Thursday, 20 December 2012

Mid winter ramblings

I haven't been writing here in a while. Not that I haven't been writing, it's just that my writing time has been reserved for brief updates on Facebook and mostly working on my novel, Small Dreams.

Today, however, is different. Today I'm home with a cold and my thoughts are skittering around madly like cockroaches when the light's turned on. I'm not really focusing well enough to edit my novel so I'm inflicting my thoughts here where they're being read for free. Not that I'm actually getting paid for my novels yet but I'm hoping that will change some day. I've got no financial hopes pinned here.

I confess, I stink at editing. Small Dreams is continually bouncing around between 452 and 460 pages, kind of like a yo-yo dieter. I hack out some pages, mostly days where the main characters do nothing but go to work, come home, chat over dinner, and wash the dishes (what on earth was I thinking when I wrote those days?) then the pages creep back up in the form of dialogue and observations.

I've been observing my kids more and more for dialogue, especially now that they're teenagers and come up with interesting statements. My son, while hilarious, ends up saying things that don't really suit the characters so it's more my daughter I use. Son, I will share with you.

My son showed signs of his offbeat sense of humour years ago. Picture it. We're standing in a busy line at the movie theatre, waiting to buy tickets. He's the picture of innocence. Bright blue eyes, gleaming dark blond hair, and a smile curving his lips. He clasps both hands together, tilts his head and announces in the sweetest voice ever, "I'm a disturbing little boy." Right out of the blue.

Last week we were grocery shopping and I needed salad fixings (I pretty much always need salad fixings). I went to grab my usual mixed greens and son blurted, "No, you need to buy this one" then pointed at one of those packages of lettuce alive. It was fresh and green so I picked it up. That was when son noticed the root ball underneath.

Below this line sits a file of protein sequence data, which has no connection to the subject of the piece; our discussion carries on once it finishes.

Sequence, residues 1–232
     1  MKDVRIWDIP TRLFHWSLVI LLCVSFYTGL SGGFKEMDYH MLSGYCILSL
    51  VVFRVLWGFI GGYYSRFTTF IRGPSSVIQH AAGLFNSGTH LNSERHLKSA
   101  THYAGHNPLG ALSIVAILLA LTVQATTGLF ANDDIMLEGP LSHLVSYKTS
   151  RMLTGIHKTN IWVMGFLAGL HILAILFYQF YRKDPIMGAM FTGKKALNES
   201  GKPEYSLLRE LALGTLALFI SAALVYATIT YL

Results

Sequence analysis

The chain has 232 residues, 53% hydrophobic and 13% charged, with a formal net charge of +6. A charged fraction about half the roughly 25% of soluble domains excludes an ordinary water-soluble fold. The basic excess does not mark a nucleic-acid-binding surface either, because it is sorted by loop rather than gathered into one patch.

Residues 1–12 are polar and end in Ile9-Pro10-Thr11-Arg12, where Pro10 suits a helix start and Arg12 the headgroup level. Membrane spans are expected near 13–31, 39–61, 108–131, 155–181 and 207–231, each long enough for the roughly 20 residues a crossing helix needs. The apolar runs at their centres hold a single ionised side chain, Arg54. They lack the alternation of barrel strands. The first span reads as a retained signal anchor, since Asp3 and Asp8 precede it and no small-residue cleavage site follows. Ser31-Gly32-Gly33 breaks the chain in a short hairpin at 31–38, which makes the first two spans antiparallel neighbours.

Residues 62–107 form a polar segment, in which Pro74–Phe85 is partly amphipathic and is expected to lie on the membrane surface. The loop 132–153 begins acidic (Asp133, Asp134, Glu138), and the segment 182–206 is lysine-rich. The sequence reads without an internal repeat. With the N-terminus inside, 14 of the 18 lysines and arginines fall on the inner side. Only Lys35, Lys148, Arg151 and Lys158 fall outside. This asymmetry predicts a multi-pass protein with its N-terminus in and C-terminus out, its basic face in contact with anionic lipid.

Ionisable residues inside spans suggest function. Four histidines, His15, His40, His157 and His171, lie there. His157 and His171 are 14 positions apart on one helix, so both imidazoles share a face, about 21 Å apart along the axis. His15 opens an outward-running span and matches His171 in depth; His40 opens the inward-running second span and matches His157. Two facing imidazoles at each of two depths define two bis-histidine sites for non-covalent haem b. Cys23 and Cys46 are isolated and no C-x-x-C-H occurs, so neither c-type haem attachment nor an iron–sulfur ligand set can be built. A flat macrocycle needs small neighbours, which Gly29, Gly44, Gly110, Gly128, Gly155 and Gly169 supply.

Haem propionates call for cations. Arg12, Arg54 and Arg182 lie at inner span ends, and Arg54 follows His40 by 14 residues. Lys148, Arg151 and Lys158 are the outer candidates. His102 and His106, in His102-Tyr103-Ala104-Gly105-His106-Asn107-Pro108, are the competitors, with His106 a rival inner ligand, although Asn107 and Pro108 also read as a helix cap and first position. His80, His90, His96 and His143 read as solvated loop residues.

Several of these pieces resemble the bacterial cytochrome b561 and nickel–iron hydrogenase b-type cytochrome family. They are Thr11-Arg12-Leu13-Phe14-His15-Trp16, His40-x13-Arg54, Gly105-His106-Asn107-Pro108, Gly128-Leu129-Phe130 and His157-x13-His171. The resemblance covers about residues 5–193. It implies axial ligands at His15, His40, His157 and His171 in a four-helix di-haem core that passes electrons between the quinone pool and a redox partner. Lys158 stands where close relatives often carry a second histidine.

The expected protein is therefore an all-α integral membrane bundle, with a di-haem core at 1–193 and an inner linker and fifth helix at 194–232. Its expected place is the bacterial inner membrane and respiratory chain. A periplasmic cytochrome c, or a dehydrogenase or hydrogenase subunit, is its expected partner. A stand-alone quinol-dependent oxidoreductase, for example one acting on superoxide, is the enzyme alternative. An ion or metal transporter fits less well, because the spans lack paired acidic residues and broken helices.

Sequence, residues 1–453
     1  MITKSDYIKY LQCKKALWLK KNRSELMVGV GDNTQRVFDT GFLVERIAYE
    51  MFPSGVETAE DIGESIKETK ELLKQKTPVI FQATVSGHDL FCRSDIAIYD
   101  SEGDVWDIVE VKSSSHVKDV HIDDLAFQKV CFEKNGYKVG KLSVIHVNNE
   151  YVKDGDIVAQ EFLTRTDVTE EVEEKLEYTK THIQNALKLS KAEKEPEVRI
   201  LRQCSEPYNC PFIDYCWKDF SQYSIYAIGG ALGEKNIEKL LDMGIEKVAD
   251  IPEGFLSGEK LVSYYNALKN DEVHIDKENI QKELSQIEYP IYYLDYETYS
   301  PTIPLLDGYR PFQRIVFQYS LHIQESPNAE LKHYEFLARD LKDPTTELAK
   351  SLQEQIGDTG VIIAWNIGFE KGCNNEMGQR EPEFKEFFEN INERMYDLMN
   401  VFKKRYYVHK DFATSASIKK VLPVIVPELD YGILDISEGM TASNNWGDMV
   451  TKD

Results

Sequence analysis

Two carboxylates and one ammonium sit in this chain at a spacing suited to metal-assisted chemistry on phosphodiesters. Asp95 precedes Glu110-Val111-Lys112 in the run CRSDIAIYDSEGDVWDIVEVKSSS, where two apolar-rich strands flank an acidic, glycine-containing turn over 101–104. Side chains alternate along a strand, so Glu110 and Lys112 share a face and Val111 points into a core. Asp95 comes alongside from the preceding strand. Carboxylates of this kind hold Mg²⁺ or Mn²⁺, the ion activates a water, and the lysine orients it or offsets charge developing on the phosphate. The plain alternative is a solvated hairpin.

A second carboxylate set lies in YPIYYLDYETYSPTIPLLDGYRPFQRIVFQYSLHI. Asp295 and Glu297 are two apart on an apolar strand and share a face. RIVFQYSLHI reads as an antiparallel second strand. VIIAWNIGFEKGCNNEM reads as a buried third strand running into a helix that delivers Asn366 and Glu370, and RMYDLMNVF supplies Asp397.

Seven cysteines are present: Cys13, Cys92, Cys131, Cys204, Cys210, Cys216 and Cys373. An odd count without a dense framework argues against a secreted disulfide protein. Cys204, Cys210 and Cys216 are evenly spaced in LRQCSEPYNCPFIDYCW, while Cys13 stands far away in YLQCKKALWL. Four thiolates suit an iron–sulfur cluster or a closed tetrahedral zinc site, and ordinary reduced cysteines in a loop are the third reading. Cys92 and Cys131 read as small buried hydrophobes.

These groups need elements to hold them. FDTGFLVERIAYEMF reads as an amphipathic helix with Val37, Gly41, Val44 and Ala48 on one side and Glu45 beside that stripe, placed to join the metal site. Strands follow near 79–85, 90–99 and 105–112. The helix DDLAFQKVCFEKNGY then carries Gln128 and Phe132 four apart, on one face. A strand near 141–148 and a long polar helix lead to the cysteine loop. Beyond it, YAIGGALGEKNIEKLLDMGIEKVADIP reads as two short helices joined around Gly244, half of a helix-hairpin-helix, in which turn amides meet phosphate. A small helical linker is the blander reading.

His eyes widened. "Mom! We have to plant that as soon as we get home.We can plant it in the tree in the living room." Yeah, the ficus tree I have growing behind the futon. Because, a, it would grow so well behind the futon and, b, I want to do flips over the back every time I make a salad. So I reminded him that lettuce needs light and it was not the right time of year to grow anything on our balcony. He looked so disappointed I assured him we could grow lettuce in the summer then wanted to know why he wanted to grow it in the first place seeing as he treats lettuce like it's poison.

"Ben and Bean [our guinea pigs] eat lettuce and they're my friends. I want lettuce for them." He paused and we kept walking then he continued. "They're friends... friends I keep in a cage and never allow free."

Okay then creepy child.

Later on we were walking home and son informed me that his class is learning about people and who to trust. His teacher had a page with pictures of various people and asked the kids who they would pick off the page to trust. Every child but one picked the shot of an innocent looking child. My son picked the 6ft tall man with a mohawk. Curious, I asked him why. Not that I have anything against 6ft tall men with mohawks, it just seemed like an interesting choice.

Son rolled his eyes. "Doesn't anyone watch movies? You never trust kids that age, they're the ones who know where all the bodies are hidden."

The plus side is, if I ever decide to write a horror, I just need to follow my son around with a pad of paper and a pen.

Now my throat has convinced me that an ice cream sundae is a splendid choice for lunch. The chocolate ice cream has calcium and the marshmallow fluff is full of egg whites and protein. And the salted caramel sauce has... well it has... it doesn't matter I'm sure it has vital nutritional requirements my body needs.

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